You may have seen news of Haiti trending often on social media in the past year, or seen news headlines accompanied by images of devastated homes—eerily reminiscent of those shared on screens around the world after the 2010 Haiti Earthquake. Here are a few ways you can help Haitians after a tough year.
In 2021, Haitians and their families saw their daily lives disrupted by one disaster after another along with deeply rooted issues such as persistent poverty. Learn how to help Haiti and Haitians through these challenges. As Haitians work to overcome a difficult year, your actions can help:
1. A deadly earthquake hits in August.
The 7.2 magnitude earthquake that struck Haiti’s southwest province on August 14th resulted in more than 2,000 deaths and 12,000 people injured. According to local leaders like Marie-Rose Romain Murphy, the journey to recovery must be led by local nonprofits to avoid the chaotic lack of coordination and accountability heavily criticized after the 2010 earthquake. GlobalGiving has been equipping organizations in Haiti to drive recovery efforts since 2010, and you can make sure your donation will contribute to community-led resilience here.
2. A dangerous tropical storms follows.
Just two days after the seismic shocks, Tropical Depression Grace made landfall in Haiti. The pouring rains endangered those displaced after the earthquake destroyed their homes, and slowed rescue efforts as landslides blocked major roads.
3. The president is assassinated in July.
On July 7th, the country’s president Jovenel Moïse was assassinated after months of political turmoil. As citizens took in the shocking news, local organizations such as Economic Stimulus Projects for Work and Action (ESPWA) didn’t pause in their efforts to empower grassroots nonprofits working for change through training, network building, and resources. In the face of national tragedy, nonprofit partners like ESPWA are committed to building their nation from the bottom up.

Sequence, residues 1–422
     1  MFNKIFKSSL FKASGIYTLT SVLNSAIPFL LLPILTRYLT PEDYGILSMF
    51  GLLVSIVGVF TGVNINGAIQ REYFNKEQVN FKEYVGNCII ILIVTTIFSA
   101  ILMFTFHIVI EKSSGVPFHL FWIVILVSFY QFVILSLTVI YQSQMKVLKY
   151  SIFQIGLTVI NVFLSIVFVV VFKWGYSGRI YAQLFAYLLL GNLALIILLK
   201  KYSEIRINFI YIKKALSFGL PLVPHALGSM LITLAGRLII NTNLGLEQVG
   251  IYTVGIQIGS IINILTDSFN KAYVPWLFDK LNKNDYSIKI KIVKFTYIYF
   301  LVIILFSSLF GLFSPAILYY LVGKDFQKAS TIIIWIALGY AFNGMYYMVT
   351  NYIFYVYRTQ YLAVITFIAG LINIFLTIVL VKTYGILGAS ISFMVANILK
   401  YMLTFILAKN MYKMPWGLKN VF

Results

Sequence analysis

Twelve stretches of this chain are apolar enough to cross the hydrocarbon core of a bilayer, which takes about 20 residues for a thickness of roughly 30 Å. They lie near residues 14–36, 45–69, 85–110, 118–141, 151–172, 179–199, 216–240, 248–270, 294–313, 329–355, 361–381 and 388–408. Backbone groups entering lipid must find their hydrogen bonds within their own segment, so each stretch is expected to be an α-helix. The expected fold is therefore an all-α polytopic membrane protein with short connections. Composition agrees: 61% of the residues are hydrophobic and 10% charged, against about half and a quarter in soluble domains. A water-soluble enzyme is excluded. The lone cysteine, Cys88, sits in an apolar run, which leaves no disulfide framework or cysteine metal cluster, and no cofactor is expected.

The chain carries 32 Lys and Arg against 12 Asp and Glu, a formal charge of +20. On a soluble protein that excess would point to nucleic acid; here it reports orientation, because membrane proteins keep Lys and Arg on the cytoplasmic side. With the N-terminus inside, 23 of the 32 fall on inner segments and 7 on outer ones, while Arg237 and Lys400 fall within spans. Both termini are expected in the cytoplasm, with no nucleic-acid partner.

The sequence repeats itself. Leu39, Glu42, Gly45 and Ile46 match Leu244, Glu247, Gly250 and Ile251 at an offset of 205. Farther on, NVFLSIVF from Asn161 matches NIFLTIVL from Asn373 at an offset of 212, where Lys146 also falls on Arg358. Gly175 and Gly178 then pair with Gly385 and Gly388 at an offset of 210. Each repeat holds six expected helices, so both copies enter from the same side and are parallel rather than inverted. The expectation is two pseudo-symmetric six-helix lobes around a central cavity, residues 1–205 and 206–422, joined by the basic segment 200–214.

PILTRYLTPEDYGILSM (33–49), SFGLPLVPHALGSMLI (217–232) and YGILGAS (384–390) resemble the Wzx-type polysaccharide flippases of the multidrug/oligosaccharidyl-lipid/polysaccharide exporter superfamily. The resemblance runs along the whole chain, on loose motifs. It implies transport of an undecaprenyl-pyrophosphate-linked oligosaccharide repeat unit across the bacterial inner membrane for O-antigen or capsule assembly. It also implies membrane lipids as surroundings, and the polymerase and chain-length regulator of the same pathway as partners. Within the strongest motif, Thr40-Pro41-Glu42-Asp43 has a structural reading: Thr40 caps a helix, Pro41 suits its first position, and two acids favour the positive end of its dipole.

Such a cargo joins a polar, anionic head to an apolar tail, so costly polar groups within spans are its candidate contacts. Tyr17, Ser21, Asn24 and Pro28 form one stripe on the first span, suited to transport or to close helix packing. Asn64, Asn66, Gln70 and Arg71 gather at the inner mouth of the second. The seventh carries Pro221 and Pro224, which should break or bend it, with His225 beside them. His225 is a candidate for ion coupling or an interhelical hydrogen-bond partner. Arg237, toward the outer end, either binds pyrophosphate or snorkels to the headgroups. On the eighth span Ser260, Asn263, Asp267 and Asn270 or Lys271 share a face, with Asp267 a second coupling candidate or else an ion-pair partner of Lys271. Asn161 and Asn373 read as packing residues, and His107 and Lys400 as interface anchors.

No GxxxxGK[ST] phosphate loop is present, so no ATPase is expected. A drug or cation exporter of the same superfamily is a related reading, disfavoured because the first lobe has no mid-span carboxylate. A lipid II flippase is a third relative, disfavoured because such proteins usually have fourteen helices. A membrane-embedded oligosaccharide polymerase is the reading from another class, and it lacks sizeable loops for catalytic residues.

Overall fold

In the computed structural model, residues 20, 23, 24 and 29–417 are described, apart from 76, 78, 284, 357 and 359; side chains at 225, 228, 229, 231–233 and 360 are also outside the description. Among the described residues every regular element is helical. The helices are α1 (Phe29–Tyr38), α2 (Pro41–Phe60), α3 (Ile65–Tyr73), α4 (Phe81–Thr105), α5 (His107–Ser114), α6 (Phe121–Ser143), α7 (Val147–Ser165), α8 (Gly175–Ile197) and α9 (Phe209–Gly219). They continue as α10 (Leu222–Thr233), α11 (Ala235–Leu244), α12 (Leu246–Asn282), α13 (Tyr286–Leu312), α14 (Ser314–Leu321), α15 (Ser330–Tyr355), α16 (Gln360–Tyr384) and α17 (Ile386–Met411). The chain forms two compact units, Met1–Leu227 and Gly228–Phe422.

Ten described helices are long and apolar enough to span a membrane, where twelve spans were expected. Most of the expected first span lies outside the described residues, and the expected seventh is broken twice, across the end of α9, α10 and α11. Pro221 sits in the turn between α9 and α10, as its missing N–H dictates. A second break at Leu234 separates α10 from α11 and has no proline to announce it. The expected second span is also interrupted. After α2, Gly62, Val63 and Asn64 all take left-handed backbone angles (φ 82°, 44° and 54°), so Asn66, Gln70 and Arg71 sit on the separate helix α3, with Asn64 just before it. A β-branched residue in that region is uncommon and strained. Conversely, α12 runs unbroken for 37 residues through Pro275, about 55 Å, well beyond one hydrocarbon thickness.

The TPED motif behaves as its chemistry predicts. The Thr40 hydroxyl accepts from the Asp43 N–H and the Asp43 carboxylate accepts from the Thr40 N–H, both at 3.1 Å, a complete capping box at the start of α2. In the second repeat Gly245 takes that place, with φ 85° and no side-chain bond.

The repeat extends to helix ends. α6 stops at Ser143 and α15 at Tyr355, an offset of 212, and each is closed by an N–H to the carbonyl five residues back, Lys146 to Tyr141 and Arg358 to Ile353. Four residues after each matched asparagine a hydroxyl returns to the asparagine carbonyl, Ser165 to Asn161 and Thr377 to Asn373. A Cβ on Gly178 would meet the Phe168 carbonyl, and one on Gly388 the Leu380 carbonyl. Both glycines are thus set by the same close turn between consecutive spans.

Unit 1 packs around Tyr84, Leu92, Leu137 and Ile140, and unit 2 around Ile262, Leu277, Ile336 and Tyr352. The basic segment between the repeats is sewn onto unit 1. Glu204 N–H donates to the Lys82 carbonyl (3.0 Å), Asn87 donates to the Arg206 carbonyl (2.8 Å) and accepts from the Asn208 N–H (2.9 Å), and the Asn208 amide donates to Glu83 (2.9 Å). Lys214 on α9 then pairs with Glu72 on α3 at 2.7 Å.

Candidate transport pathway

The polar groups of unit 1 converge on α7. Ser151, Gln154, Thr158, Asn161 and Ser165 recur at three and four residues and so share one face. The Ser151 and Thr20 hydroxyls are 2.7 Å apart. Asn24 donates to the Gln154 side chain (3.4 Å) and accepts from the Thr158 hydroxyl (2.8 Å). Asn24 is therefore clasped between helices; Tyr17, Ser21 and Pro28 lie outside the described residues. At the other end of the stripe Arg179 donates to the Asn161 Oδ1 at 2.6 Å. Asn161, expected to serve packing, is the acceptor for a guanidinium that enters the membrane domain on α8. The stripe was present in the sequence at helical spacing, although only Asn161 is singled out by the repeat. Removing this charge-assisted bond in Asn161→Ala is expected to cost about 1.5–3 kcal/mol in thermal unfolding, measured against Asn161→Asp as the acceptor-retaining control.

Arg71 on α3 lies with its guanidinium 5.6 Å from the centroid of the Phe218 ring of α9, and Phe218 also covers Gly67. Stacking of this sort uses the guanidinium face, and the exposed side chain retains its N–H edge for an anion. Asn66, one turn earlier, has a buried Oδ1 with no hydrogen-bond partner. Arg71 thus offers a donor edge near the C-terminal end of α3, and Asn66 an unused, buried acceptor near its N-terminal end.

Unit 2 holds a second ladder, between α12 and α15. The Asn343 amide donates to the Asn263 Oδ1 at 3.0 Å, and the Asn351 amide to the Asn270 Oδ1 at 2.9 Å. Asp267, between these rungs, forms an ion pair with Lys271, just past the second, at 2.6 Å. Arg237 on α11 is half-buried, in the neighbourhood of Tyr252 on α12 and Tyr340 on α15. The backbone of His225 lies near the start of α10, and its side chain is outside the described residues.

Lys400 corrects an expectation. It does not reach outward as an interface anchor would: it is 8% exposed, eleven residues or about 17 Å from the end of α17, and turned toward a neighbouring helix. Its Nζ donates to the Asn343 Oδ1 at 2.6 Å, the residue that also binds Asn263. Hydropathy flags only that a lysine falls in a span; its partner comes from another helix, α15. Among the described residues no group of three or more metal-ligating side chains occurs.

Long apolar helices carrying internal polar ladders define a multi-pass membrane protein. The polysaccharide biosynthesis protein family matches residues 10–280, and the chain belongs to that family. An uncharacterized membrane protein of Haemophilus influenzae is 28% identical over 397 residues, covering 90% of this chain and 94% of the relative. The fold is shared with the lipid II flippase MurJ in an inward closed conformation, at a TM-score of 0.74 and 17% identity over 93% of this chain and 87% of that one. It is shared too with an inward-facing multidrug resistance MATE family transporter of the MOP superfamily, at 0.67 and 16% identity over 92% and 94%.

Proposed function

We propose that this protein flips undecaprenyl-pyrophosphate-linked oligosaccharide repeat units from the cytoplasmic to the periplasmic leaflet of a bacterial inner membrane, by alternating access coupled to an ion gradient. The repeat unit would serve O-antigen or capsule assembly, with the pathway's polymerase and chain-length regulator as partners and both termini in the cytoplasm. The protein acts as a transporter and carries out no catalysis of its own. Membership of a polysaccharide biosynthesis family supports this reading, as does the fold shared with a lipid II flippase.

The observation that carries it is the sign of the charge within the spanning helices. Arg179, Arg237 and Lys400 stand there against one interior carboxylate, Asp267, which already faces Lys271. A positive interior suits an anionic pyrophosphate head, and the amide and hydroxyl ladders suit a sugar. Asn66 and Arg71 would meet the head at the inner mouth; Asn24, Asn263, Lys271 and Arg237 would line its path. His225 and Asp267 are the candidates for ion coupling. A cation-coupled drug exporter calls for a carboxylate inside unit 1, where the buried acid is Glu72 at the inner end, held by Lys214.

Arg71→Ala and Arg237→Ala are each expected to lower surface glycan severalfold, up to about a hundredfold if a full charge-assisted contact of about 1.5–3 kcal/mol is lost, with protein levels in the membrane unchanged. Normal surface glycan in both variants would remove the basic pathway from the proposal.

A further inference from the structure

4. Widespread and chronic hunger makes crises even harder to overcome.
More than 4 million Haitians—almost one third of the country’s population—do not have access to regular, nutritious meals every day. This makes it even more difficult for already struggling families to get back on their feet after a new disaster such as the August earthquake. Fortunately, organizations like the Lambi Fund of Haiti have been working with women in the south of Haiti for over 25 years to increase food availability and generate income through sustainable farming and micro-credit programs. Learn more here.
5. Thousands of Haitians are uprooted because of gang violence.
Some 18,000 Haitians have fled their homes in fear of gang violence and hundreds have been victims of gang kidnappings and violence, with 628 people kidnapped for ransom in 2021. This staggering rise in daily violence has locals demanding renewed investment in education and job opportunities in cities. GlobalGiving partner, Little Footprints, Big Steps IDO, is removing barriers to education such as tuition cost, and building a network of support that students can lean on as they seek to become a force for positive change in their communities.
The international community rallied together after the 2010 earthquake to stand in solidarity with Haitians. Looking forward to 2022, donors interested in making a difference in the lives of those affected by the challenges of the past year are guided by the words of Marie-Rose Romain Murphy, head of the nonprofit ESPWA, “Now, more than ever, it’s critical that the world hears from Haitian leaders and that we have our say and lead the way.”
6. You can look to Haitians for promising solutions to hardship.
One of the most important ways to support Haitians is to support local community leaders like Marie-Rose. Community-led organizations have some of the most promising solutions to crises because they have deep context and connections where they work, and can quickly adapt to emerging needs. You can learn more about why support of community-led change is so crucial through GlobalGiving’s worldwide community-led research.